November 20, 2023

News and Announcements

San Francisco State University 1968-1969 strike

As social movements across the globe are more active than ever, San Francisco State University just upgraded its own archives of the historic 1968 – 1969 Black Student Union/Third World Liberation Front student-led strike. Now, anyone can do their research easily through one comprehensive website, the San Francisco State Strike Collection. It is home to hundreds of historical photos, news footage, posters and flyers, documents and oral histories.  

The new website launched last week on Nov. 6 — marking 55 years to the day when SF State students first walked out to demand a curriculum that reflected the diversity of Black and other ethnic communities. The contentious, heavily policed strike continued for 115 days, becoming the longest college student strike in American history and forever changing the face of higher education. It not only resulted in SF State establishing the nation’s first College of Ethnic Studies, it also paved the way for a nationwide movement in ethnic studies as an academic field. 

The new online collection, organized by Special Collections & Archives in the J. Paul Leonard Library at SF State, combines materials that were previously available on several different websites. University Archives, the Bay Area Television Archive and the Labor Archives and Research Center are the sources for the materials.  

“The SF State Strike Collection is a major contribution to students, faculty, staff and community members who want to reflect, teach, study and understand the sacrifices made to establish the College of Ethnic Studies,” said Grace Yoo, dean of the College of Ethnic Studies. “It preserves the legacy of activists who founded the College of Ethnic Studies and shares this legacy with the rest of the world.” 

The collection also includes content that was previously not available, with more coming soon. An interactive exhibit tells the story of the strike through text, images and video, including events beginning in 1966 that led to the strike. At the time, SF State students created the nation’s first Black Student Union, which then proposed an institute of Black studies to a campus academic committee.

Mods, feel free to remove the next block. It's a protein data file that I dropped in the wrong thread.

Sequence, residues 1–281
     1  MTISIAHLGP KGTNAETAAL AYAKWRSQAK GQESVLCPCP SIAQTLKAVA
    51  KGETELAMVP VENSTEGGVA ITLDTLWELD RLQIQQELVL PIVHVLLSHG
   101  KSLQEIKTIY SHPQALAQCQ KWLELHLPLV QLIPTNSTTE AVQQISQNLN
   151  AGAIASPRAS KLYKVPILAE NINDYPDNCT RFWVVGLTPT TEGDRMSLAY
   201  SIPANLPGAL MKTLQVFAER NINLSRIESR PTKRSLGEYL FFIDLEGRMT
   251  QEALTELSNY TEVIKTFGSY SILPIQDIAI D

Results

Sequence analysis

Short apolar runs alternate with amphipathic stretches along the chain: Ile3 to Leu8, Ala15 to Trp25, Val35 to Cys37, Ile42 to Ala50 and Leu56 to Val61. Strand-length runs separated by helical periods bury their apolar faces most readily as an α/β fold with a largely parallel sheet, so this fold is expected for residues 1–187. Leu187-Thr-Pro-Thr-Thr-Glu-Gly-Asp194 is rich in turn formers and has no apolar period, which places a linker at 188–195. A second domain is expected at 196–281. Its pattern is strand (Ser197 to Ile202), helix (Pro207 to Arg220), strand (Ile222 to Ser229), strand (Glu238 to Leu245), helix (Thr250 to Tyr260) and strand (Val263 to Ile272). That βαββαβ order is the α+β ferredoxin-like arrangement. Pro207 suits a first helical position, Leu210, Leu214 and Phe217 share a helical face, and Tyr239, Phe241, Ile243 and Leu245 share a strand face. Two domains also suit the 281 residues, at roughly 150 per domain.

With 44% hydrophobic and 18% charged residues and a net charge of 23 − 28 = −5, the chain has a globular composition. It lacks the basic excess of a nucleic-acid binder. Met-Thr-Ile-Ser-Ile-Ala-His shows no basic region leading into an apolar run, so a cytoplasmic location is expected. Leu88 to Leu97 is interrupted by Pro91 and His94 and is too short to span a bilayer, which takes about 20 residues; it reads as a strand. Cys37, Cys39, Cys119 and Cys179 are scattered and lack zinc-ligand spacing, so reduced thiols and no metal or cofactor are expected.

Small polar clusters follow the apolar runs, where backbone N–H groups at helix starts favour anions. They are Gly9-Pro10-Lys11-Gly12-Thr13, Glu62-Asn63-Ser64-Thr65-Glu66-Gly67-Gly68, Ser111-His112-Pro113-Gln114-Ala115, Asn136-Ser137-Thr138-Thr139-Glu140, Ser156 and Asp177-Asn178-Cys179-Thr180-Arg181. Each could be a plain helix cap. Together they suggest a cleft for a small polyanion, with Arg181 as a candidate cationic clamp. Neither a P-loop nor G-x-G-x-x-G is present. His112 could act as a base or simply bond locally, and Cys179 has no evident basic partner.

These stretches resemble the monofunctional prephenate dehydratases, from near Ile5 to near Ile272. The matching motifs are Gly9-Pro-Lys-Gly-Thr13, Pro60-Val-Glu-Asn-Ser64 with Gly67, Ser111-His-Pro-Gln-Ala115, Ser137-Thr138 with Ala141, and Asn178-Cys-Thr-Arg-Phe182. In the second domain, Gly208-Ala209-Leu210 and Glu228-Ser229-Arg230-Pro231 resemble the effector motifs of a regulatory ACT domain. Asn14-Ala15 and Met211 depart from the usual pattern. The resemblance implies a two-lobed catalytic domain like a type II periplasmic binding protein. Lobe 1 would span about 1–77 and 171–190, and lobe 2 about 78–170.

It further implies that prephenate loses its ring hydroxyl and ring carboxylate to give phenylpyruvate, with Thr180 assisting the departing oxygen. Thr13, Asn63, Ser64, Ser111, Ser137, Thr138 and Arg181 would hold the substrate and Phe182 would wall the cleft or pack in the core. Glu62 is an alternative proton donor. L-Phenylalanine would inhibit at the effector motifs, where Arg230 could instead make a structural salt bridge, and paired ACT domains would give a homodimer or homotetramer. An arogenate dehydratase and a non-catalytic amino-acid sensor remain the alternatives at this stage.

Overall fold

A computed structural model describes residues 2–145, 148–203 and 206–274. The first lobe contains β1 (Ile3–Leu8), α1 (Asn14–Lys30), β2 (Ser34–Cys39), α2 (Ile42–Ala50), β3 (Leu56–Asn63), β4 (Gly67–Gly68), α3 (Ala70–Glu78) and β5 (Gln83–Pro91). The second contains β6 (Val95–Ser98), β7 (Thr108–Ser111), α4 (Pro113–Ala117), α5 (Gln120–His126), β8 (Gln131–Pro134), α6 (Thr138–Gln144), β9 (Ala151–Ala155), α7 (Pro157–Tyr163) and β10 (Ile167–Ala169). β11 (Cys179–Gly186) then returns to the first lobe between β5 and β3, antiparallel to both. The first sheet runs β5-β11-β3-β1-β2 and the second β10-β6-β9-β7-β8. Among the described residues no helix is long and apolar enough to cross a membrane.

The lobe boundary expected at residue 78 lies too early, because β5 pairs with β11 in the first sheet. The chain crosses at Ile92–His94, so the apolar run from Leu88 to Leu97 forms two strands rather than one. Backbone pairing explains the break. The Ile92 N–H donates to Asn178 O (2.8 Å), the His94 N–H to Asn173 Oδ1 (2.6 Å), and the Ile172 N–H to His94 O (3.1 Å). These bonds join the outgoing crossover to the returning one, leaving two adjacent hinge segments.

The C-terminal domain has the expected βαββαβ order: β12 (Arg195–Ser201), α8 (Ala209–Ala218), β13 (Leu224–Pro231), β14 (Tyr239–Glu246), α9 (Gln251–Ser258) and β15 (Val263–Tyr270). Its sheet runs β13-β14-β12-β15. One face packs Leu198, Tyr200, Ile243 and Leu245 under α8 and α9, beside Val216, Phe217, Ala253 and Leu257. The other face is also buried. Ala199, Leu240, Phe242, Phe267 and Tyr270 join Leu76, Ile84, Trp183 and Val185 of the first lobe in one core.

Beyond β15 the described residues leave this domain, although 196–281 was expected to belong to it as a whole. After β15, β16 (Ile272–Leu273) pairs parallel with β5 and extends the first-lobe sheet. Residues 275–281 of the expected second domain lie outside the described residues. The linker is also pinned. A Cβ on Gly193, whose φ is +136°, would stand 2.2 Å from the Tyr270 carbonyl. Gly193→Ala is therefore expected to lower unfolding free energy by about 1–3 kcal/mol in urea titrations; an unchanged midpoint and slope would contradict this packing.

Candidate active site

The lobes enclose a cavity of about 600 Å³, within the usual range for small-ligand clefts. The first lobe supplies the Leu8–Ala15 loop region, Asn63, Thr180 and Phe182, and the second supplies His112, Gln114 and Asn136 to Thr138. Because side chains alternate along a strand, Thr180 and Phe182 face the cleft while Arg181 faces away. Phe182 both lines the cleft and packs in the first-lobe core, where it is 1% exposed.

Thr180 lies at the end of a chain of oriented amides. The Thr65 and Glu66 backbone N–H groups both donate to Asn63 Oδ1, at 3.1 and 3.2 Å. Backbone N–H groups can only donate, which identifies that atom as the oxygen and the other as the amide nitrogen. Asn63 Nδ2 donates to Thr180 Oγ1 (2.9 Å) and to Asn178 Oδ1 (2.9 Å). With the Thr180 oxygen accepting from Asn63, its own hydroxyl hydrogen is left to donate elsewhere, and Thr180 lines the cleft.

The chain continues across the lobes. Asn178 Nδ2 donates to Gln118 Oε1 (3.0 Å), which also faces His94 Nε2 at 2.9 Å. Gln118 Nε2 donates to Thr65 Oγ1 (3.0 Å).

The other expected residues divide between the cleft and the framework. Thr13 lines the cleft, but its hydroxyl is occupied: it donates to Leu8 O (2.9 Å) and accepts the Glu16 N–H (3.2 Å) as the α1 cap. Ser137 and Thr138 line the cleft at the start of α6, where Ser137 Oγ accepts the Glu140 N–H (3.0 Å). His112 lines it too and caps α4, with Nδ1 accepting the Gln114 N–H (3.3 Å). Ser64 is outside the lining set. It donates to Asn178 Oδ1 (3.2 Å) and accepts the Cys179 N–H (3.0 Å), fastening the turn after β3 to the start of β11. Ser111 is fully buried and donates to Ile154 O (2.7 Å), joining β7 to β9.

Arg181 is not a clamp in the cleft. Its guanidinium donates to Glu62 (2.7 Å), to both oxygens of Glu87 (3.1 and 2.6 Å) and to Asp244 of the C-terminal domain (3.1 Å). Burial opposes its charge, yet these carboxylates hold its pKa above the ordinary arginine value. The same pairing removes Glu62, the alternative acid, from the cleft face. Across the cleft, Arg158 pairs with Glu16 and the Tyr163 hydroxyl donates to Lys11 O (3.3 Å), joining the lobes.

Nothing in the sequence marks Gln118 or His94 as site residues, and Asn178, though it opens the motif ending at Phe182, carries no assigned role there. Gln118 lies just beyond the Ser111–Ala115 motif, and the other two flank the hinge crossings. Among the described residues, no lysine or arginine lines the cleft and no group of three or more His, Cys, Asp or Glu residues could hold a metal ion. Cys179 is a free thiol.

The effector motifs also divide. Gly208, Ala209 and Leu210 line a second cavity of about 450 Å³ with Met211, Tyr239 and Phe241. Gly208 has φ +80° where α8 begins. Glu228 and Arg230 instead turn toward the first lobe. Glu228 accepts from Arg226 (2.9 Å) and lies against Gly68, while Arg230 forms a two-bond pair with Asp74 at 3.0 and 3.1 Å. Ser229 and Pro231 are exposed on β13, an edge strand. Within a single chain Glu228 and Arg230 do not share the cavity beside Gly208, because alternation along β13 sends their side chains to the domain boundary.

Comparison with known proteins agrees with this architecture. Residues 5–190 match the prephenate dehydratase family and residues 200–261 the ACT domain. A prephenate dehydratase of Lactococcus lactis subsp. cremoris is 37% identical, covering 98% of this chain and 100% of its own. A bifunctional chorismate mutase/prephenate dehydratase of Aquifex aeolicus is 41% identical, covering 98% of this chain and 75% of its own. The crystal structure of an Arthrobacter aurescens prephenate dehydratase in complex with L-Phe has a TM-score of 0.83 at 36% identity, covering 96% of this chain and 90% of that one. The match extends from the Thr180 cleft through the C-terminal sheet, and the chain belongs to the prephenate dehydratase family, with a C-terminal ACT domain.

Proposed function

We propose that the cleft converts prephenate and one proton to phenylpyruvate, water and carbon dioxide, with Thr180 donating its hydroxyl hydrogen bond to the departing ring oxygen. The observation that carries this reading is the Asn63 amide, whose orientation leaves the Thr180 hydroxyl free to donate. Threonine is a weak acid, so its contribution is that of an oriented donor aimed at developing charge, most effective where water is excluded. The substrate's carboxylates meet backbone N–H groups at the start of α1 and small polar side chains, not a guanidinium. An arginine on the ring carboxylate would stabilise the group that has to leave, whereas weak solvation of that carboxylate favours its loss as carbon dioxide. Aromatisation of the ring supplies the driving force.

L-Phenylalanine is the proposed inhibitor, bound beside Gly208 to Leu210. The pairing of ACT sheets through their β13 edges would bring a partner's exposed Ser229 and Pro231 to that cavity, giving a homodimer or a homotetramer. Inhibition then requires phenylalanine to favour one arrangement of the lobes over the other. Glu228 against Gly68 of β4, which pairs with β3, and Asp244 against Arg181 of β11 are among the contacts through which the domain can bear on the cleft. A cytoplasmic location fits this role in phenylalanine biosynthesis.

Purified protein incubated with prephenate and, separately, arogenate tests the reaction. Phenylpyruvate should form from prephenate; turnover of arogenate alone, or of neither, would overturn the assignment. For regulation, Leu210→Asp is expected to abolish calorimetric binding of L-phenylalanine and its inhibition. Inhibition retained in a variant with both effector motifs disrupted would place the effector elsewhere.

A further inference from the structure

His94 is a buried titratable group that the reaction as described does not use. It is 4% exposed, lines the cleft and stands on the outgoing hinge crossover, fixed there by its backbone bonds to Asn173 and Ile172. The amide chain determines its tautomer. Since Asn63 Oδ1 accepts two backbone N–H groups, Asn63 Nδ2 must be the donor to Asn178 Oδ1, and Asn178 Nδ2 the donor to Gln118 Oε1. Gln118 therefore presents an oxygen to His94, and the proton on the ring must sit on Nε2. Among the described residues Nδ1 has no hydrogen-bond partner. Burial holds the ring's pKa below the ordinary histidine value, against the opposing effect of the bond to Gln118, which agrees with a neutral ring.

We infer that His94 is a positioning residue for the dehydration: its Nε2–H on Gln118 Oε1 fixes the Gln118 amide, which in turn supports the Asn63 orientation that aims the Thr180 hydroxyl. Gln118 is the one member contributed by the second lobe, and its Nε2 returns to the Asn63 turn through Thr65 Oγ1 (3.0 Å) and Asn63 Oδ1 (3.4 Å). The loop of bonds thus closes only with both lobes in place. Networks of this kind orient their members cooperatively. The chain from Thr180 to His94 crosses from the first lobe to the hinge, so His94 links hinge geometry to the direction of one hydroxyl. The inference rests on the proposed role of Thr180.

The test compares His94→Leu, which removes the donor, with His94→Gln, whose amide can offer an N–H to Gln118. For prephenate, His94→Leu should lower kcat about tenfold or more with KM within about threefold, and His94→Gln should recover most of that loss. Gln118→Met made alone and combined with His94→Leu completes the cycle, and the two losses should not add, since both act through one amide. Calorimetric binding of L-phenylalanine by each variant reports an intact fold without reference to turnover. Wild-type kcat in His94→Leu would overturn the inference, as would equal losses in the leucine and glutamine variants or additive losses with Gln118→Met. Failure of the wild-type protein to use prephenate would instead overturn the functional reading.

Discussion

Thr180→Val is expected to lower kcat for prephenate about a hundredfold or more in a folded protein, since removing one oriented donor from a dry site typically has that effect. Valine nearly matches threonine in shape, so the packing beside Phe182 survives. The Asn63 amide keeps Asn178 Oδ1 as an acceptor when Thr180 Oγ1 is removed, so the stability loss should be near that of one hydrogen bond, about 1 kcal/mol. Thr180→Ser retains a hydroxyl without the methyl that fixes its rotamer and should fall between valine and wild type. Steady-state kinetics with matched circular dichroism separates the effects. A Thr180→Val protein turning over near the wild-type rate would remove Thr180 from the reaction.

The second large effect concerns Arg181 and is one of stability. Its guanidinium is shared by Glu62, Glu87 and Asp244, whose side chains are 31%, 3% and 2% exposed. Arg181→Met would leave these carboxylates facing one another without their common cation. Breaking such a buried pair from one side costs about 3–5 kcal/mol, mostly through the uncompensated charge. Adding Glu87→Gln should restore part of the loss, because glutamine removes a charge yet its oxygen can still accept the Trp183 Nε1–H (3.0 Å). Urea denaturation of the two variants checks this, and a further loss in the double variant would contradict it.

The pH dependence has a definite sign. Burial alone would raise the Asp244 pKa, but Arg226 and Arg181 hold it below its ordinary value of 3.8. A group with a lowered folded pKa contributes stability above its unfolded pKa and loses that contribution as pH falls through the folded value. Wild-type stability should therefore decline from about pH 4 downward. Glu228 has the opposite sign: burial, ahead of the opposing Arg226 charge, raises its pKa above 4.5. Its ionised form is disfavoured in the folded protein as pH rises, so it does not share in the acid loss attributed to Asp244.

“Our hope is that the site will highlight the social justice legacy of the campus, tell the full story of the strike and show how ordinary students mobilized to create the College of Ethnic Studies, special admissions and more,” said Eva Martinez, team processing lead for Special Collections. 

Visit the San Francisco State Strike Collection.

Photo by Terry Schmitt 

Covid genome

The Science, Technology and Society Hub invites the campus community to “Viral Politics: Long COVID,” a panel discussion on Friday, Dec. 1, 2 – 3 p.m., in Library 121 and on Zoom. Four prominent patient-activists — Chimére L. Sweeney, Karyn Bishof, Lisa McCorkell and Charlie McCone — will discuss the state of policy, advocacy and politics around long COVID.  

This event is sponsored by a Research Community Development Grant from the National Science Foundation. 

Image courtesy of the Centers for Disease Control and Prevention 

San Francisco State University dance student in lunge pose

The School of Theatre and Dance presents “Praxis: New Moves” from Friday, Dec. 1, to Sunday, Dec. 3, in the Little Theatre, Creative Arts building. This year’s showcase, under the guidance of Dance Professor Ray Tadio, features six outstanding, up-and-coming student choreographers creating work that reflects a diversity of backgrounds, cultures and dance disciplines.